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Is There a Historical Adam?

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August 14, 2010 Tags: Adam, the Fall, and Sin

Today's entry was written by Tremper Longman. Please note the views expressed here are those of the author, not necessarily of BioLogos. You can read more about what we believe here.

In my previous post, I indicated that there is a lot of figurative language in Genesis 1. The same may be said for Genesis 2, the second creation account in which there is a focus on Adam and Eve. Also, as we saw in Genesis 1, there is an implicit polemic against ancient Near Eastern mythological ideas. Listen to the description of human beings in the Babylonian Atrahasis. The background to this passage is a strike on the part of the lesser gods who are tired of doing heavy labor on behalf of the major gods. They insist that they be replaced. Belet-ili, the mother god, takes clay and mixes it with the blood of the instigator of the strike, then the text says:

After she had mixed the clay,
She summoned the Anunna, the great gods,
The Igigi, the great gods, spat upon the clay.

From this mixture of clay from the earth and the spit of the gods Belit-ili creates human beings in order to do the heavy labor of the gods.

We should read the description of the creation of Adam with this as a background because the original audience certainly did. Adam too is created from the ground (dust) and a divine component (God’s breath). Is this a literal description of how God actually created the first human being? Hardly. Even without recourse to knowledge of ancient Near Eastern literature, this description is clearly not literal. God does not have a body with lungs so that he would literally breathe into dust. God is a spiritual being. The description has other purposes than telling us how God created human beings. It is, in the first place, saying God, and not any other god, created human beings. Second, it is, in contrast to the Atrahasis, presenting a picture of humanity’s creation which indicates that we are creatures with great dignity (created from God’s breath, not the spit of the gods).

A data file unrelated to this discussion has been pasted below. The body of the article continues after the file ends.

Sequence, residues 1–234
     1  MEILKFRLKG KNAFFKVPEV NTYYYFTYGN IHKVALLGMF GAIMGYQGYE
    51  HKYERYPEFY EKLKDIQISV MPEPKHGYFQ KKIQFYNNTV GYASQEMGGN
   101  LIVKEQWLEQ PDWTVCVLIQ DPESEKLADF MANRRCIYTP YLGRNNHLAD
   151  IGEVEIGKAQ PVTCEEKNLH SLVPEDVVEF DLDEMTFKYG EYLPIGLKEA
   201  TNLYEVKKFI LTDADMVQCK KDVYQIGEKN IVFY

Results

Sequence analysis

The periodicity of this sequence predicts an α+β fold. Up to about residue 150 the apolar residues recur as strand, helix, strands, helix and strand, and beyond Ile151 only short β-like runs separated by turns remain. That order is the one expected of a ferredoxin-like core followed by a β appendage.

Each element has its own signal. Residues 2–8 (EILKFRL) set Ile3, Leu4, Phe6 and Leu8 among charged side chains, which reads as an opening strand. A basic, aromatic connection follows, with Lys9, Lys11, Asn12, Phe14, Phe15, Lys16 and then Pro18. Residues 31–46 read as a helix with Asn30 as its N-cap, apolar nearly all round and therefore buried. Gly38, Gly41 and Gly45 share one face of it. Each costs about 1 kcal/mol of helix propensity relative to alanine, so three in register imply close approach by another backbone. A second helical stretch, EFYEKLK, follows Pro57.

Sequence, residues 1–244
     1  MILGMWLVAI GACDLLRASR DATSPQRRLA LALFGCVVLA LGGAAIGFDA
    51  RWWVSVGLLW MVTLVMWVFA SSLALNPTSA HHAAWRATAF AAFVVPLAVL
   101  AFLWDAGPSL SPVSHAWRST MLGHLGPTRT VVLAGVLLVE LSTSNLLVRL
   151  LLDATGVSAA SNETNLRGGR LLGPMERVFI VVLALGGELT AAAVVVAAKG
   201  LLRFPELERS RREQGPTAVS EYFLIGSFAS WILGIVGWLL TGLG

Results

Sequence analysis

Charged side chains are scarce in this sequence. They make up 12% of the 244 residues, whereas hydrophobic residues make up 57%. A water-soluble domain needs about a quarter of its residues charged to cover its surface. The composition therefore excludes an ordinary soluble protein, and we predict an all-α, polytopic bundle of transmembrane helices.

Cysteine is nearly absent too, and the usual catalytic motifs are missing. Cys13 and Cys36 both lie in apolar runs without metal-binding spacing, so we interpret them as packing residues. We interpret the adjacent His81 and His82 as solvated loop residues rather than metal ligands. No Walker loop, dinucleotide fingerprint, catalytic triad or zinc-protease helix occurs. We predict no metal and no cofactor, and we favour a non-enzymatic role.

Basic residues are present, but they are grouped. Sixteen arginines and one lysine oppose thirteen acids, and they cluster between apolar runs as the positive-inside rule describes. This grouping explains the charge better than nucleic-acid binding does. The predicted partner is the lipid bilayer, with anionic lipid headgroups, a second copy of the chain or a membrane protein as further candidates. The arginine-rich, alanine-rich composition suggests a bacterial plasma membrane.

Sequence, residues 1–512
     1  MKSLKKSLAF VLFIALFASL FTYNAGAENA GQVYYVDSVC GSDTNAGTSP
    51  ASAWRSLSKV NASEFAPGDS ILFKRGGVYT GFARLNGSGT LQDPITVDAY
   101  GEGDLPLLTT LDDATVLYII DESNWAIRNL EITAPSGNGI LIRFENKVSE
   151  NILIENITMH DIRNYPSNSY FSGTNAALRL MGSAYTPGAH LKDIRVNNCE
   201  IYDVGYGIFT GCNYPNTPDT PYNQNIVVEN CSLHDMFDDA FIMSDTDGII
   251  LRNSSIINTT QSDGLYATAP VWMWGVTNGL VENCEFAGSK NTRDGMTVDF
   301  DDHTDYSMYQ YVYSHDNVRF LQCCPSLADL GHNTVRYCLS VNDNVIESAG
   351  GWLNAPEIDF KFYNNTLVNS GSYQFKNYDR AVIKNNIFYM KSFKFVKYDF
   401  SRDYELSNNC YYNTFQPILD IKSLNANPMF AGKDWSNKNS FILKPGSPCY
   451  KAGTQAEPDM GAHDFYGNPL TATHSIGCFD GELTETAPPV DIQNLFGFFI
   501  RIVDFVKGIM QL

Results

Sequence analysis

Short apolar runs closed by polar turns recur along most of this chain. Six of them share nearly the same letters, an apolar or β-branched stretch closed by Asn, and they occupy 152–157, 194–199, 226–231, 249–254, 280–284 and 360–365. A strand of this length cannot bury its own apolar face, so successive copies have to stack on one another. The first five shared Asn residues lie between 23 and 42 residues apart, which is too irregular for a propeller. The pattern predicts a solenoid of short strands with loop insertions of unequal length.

Again, the point is that Genesis 1 and 2 are not interested in the question of how God ordered creation and human beings in particular. It is proclaiming that God is the creator of both.

The description of how Adam was created is certainly figurative. The question is open as to whether there was an actual person named Adam who was the first human being or not. Perhaps there was a first man, Adam, and a first woman, Eve, designated as such by God at the right time in his development of human beings. Or perhaps Adam, whose name after all means “Human,” is himself figurative of humanity in general. I have not resolved this issue in my own mind except to say that there is nothing that insists on a literal understanding of Adam in a passage so filled with obvious figurative description. The New Testament’s use of Adam (Romans 5 and 1 Corinthians 15) does not resolve the issue as some suggest because it is possible, even natural, to make an analogy between a literary figure and a historical one.

This issue is an important one. It is wrong to challenge people to choose between the Bible and the science of evolution as if you can only believe that one or the other is true. They are not in conflict. It is particularly damaging to insist that our young people make this kind of false choice as they are studying biology in secondary school or college. If we do so, we will force some to choose against the Bible and others to check their intelligence at the classroom door. This is a false dilemma created by a misuse of the biblical text.